A pan-European study will examine the prevalence of asthma among European athletes set to take part in the Beijing Olympics and assess the impact of the local environment and air quality on the disease.
GA²LEN, an EU research consortium on allergic diseases, announced on World Asthma Day (6 May) that it will follow the athletes selected for the Beijing Olympic Games to assess the prevalence of asthma and allergies among top athletes in summer sports. Earlier studies show that some 20% of summer sport athletes have asthma.
Runners, swimmers, and cyclists in particular have shown high susceptibility up to now. According to GA²LEN, these endurance sports could produce higher levels of asthma in China “due to the prolonged periods with highly increased ventilation and the duration of high level physical activity” together with environmental factors, such as chlorine in swimming water or polluted air for cyclists and runners.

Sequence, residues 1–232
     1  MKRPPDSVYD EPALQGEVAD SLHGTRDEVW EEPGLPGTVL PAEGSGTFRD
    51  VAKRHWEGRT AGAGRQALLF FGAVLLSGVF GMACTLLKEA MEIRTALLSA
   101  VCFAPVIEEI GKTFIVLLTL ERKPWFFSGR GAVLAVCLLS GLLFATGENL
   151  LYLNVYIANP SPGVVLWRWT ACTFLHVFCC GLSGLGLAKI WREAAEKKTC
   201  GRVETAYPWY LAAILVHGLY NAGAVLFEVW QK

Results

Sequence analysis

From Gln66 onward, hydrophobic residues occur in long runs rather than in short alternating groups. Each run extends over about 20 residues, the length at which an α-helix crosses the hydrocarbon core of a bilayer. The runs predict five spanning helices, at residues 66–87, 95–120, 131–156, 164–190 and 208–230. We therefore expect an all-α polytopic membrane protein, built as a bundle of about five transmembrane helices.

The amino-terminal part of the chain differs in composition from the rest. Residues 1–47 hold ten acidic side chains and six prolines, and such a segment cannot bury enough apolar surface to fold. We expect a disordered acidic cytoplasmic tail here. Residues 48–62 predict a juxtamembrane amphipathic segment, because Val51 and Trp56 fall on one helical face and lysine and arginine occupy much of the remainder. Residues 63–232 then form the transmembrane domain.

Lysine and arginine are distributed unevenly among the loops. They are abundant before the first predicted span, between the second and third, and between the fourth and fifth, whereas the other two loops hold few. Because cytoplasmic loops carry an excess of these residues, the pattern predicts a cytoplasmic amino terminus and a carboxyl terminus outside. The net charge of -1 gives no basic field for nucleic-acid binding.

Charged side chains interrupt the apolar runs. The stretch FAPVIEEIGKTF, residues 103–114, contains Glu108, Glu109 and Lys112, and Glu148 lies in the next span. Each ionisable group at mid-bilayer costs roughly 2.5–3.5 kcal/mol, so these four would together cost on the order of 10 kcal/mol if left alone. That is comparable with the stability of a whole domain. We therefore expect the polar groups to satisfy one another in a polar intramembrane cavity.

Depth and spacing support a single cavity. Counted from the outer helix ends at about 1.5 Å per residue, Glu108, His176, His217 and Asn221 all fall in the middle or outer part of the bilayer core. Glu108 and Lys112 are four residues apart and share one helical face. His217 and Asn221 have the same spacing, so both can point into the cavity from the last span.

The study is the first of its kind in Europe and has been designed in agreement with the Norwegian National Olympic Committee to follow athletes and provide optimal care if needed. The scientists also expect to learn more about the effects of air quality and pollution on the athletes and better understand exercise-induced asthma.
Around 2,000 athletes will be followed before, during and after the Olympics with regular clinical examinations measuring the functioning of their lungs, bronchial responsiveness and asthma symptoms. Researchers hope that clinical follow-ups will also assess the impact of the local environment on potential symptoms.